A mixed start to the European session on Monday is offering little direction for the U.S. ahead of the first trading session of the week.
U.S. futures are poised to open higher, reversing losses made on Friday as traders eye speeches from Federal Reserve members Stanley Fisher and Dennis Lockhart, both of whom are voting members of the FOMC. The U.S. jobs report on Friday didn’t blow anyone away but it was sufficiently strong to continue to justify a rate hike from the Fed next month. Unemployment at 5.3% is within the range that the Fed deems to be full employment while job creation of 215,000 in July remains strong.
Wages remain the potential stumbling block for the Fed. While wage growth is being seen, it remains fairly subdued by U.S. standards and the stronger dollar won’t be helping this. It seems that U.S. companies are suppressing wage growth potentially in an attempt to offset a loss of competitiveness as a result of the stronger dollar. This attempt to remain price competitive is likely to weigh on inflation for some time yet which may influence the Fed’s decision in September.
It will be interesting to see how Fisher and Lockhart view the jobs report today and whether the lack of wage growth could stand in the way of a September rate hike. There remains a lot of disagreement between market participants at the moment on whether a rate hike should come and whether it will. There is a lot of emphasis being placed on current levels of inflation and not enough on what the future path could be if rates are not hiked sooner rather than later which is the message that the Fed has tried to deliver for months.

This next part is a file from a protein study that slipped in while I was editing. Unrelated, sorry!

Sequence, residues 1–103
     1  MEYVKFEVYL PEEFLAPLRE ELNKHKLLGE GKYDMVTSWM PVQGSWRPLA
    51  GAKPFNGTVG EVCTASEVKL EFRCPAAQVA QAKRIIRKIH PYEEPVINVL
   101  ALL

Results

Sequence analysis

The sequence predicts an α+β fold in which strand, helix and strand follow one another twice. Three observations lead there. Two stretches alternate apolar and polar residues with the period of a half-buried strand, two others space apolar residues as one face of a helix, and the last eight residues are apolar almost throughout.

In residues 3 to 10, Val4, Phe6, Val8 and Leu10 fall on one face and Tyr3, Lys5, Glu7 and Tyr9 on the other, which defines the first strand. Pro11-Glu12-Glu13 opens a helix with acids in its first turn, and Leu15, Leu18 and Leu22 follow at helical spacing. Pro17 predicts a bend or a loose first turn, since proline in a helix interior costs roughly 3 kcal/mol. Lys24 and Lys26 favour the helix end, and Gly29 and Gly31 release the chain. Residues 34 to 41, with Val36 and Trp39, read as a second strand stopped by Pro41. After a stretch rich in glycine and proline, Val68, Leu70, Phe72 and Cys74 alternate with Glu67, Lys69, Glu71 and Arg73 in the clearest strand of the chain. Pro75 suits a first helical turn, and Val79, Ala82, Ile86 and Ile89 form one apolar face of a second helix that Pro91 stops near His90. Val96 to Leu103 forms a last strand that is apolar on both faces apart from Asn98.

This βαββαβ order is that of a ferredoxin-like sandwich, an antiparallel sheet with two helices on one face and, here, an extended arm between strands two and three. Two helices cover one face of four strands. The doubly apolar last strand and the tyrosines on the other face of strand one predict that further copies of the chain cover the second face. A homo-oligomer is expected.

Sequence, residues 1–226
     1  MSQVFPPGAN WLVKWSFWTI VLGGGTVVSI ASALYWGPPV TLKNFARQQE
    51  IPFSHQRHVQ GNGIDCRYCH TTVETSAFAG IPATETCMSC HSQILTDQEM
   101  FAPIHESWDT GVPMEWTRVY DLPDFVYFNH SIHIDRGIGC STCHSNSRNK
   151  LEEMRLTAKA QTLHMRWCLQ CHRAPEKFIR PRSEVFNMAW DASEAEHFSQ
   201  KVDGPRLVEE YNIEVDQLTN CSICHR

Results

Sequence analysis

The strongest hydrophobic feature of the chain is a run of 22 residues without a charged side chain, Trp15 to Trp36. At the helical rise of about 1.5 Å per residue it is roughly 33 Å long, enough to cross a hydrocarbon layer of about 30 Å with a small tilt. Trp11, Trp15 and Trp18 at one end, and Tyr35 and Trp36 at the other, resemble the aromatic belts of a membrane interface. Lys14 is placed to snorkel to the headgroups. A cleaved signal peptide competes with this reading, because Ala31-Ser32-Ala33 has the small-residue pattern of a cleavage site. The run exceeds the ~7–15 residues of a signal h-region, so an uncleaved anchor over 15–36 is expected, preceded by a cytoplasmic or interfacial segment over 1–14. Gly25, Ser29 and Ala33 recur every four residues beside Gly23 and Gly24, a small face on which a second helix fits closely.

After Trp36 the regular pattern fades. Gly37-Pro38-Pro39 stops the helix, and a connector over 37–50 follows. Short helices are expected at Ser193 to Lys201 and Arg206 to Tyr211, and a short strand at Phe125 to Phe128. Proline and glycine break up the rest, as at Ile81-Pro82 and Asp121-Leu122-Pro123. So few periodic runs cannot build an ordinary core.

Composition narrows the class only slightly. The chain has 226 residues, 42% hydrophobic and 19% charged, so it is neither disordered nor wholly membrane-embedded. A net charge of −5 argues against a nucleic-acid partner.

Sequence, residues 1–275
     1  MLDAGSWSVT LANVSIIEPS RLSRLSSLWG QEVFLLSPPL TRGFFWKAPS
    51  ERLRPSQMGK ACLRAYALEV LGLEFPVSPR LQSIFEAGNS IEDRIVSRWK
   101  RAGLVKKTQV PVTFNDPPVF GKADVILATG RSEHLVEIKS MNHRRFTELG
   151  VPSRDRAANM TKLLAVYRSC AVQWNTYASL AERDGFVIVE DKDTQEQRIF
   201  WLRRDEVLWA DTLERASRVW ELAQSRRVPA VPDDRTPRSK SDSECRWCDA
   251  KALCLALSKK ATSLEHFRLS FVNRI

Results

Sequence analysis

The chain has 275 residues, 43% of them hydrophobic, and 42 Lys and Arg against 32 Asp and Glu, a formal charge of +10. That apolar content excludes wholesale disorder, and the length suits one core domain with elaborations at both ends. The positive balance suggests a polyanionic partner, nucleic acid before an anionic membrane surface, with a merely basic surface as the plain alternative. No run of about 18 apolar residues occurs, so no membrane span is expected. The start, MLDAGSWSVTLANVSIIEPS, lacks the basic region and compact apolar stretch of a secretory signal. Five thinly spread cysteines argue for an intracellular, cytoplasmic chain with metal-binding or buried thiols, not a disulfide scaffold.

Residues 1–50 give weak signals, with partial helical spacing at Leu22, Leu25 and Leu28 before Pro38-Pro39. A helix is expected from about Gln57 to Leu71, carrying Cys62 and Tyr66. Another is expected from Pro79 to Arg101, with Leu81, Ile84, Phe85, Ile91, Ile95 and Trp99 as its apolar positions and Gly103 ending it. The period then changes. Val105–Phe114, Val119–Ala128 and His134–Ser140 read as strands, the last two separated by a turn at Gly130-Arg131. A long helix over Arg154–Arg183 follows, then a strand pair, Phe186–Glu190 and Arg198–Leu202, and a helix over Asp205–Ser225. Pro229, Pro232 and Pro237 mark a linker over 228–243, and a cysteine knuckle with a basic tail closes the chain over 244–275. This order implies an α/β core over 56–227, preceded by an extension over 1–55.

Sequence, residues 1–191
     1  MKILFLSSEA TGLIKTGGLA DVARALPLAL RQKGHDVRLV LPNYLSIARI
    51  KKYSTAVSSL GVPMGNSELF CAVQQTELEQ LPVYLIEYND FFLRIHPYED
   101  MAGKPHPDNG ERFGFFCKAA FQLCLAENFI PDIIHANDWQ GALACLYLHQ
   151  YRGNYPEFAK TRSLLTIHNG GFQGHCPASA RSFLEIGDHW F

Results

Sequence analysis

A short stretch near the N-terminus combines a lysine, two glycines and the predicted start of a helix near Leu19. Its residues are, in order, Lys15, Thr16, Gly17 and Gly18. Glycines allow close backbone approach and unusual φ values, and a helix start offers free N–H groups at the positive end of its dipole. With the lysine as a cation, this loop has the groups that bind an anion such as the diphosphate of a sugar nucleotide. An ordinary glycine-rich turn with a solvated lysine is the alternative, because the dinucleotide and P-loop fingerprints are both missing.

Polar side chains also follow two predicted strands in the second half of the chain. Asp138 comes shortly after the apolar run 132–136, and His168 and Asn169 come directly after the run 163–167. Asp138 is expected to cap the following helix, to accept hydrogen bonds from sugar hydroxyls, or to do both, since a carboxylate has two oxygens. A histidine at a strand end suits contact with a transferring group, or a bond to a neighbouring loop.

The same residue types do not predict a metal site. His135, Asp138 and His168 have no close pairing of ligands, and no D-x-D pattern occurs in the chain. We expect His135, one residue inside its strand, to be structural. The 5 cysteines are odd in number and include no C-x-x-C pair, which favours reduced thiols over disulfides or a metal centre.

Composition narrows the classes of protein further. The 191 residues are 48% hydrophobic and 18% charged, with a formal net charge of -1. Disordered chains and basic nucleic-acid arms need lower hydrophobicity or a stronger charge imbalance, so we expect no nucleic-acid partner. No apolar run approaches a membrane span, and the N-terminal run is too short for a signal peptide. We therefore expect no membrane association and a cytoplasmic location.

If the Fed is not convinced by the inflation figures, we could still see a rate hike this year but maybe a smaller one than expected, say 10 basis points. This would send the message that the path of rates is higher and the return to normalization has begun, while not threatening the recovery or putting too much of a burden on U.S. companies from the impact it would have on the dollar.
Also of note this week will be U.S. retail sales on Thursday, with the overall and core readings both seen rising by 0.5% compared to June. Consumer spending has been surprisingly weak this year given the moderate wage growth and boost to disposable income from lower energy prices. This has been a concern to many who fear it may reflect low wage expectations, an increased desire to save or even worse, low inflation expectations. That said, there is no evidence of the latter and if there was, I very much doubt that the Fed would consider a hike. Whatever the reason, the Fed must be getting concerned at this stage and a boost in spending ahead of the September meeting would surely boost the chances of a hike.
The S&P is expected to open 5 points higher, the Dow 14 points higher and the Nasdaq 15 points higher.
For a look at all of today’s economic events, check out our economic calendar.
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